The Hawai’i Visitors & Convention Bureau has developed a new program to educate guests on how to have a more respectful stay. Mālama Hawai’i, which roughly means “taking care of Hawaii,” is the name of the organization.
This initiative is designed to welcome visitors rather than repel them. A chance for visitors to show that they can give back to this magnificent state instead of taking from it.
Visitors should respect the locals and remember that they really are entering someone else’s home when they visit this gorgeous state. The only request is that visitors respect the beautiful state of Hawaii as if it were their own, be it the capital city of Honolulu or the picturesque island of Maui.
“Hawaii is NOT your amusement park”
Locals want visitors to understand that signs are posted for a purpose. No matter how picturesque a waterfall may be, it is better to abide by “no trespassing” signs. Without these signs, visitors could quickly destroy the natural wonders of Hawaii.
“Leave the beach nicer than you came”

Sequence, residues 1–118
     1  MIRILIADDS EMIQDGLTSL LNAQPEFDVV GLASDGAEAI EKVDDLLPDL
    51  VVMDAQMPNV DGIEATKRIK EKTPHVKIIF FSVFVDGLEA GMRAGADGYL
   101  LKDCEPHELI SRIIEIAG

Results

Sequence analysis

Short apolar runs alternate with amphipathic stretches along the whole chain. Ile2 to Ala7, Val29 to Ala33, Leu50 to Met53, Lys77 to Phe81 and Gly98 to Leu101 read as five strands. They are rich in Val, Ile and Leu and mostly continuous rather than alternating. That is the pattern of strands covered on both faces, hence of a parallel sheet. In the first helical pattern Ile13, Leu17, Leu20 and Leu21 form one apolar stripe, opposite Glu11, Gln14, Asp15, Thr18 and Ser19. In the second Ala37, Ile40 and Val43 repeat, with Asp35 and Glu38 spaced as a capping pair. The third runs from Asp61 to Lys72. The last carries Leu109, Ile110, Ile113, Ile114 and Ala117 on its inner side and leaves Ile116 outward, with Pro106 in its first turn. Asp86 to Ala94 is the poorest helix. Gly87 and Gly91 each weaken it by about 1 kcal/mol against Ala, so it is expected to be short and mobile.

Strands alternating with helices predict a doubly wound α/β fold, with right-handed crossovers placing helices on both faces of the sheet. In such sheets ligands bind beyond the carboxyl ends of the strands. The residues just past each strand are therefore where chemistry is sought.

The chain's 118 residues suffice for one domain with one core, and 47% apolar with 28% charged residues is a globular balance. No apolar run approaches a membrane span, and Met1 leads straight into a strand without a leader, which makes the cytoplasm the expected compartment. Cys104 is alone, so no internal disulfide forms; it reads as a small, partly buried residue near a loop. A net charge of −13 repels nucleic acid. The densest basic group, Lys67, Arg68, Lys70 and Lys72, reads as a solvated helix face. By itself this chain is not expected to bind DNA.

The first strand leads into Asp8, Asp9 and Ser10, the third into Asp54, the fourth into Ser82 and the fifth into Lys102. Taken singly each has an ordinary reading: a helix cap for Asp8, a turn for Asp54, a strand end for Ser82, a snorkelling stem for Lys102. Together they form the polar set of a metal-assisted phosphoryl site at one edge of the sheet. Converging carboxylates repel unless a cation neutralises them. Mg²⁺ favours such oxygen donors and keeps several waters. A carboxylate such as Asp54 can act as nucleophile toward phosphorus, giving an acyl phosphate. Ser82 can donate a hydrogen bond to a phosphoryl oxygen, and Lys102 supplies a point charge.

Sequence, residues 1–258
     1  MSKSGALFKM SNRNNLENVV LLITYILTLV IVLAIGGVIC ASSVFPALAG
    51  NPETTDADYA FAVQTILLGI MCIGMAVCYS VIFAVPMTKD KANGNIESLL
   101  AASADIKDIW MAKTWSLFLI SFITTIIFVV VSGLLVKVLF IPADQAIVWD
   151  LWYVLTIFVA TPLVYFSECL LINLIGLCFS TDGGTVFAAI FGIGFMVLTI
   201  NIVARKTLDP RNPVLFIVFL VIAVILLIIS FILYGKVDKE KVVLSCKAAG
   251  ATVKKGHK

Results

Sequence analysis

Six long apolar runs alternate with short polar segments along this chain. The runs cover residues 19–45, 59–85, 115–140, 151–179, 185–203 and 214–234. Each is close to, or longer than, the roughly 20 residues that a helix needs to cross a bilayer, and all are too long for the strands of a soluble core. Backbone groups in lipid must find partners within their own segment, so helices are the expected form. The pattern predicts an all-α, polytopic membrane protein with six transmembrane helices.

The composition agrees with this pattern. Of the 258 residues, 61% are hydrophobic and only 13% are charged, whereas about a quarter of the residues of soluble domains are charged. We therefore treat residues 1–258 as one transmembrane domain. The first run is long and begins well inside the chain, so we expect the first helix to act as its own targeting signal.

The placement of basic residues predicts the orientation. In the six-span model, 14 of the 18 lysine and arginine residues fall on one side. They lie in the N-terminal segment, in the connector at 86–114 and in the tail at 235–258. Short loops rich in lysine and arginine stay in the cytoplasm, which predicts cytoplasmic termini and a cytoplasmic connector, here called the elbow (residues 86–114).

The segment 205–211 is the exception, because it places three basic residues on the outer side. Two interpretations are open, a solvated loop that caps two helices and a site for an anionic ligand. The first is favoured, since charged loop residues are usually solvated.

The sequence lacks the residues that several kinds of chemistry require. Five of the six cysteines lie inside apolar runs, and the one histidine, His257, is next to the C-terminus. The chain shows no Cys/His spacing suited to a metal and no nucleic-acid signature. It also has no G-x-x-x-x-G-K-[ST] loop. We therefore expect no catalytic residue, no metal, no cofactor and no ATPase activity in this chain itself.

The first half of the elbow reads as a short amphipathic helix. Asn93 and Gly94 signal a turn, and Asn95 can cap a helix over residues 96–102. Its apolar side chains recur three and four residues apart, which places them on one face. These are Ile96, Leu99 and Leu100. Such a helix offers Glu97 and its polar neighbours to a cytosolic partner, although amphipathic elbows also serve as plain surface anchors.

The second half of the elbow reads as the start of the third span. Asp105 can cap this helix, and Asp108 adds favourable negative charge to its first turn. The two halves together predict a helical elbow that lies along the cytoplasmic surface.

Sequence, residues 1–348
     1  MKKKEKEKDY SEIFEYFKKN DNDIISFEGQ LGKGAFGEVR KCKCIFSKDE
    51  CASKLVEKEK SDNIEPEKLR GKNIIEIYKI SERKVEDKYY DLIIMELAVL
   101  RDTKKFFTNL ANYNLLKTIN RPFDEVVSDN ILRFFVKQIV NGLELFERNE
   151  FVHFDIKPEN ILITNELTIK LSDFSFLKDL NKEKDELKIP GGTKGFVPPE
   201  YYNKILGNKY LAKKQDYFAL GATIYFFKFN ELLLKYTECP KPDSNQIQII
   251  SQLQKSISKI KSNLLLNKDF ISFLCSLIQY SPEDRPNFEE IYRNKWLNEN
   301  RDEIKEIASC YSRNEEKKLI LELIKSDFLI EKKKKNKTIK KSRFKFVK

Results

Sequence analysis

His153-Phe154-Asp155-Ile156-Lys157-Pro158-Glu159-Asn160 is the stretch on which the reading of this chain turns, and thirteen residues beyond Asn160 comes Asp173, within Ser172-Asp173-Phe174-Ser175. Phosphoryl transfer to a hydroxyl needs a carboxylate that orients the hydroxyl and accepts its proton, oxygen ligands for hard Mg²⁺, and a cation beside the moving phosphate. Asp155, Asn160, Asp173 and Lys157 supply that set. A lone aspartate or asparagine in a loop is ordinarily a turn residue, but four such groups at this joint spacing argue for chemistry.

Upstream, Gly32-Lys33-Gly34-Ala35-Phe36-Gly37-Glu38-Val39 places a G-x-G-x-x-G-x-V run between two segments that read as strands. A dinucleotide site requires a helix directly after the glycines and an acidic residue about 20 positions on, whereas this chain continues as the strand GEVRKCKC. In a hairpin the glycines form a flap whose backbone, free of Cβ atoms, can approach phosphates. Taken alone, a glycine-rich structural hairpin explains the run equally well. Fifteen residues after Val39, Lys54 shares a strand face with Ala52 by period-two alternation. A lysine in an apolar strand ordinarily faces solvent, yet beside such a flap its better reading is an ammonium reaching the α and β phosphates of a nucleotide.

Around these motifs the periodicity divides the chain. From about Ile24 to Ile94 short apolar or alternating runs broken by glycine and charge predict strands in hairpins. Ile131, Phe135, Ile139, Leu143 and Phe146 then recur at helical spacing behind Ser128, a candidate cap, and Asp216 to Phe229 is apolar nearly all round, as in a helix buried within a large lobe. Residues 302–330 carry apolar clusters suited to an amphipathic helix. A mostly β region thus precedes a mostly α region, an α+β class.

Nobody likes to go to a dirty beach. That would be the exact opposite justification for spending money on a trip. Most people imagine crystal clear water, pristine sand and the sound of waves when they think of a beach vacation. Imagine the frustration of residents who have all of that in their backyard, only to have someone enter their property and completely disregard it.
“Support small businesses”
Hawaiians have so much pride in their history and give pushback to many corporations that set their sights on invading their homeland. One of the best ways to give back is to support the local economy rather than make the rich richer.
Stay at a local’s property on AirBnB
Rent a car from a local on Turo
Visit a market to support local vendors
Avoid chain restaurants and eat local cuisine
“Please respect the wildlife”
Seeing Hawaii’s diverse wildlife is one of the nicest experiences you can have there. The problem is that some visitors cross the invisible line of getting too close to nature. Visitors should have a greater appreciation for what Hawaii has to offer, whether it’s seals, sea turtles or coral reefs. If not, they will not only face ridicule from the locals, but also a hefty fine that can run into the thousands of dollars.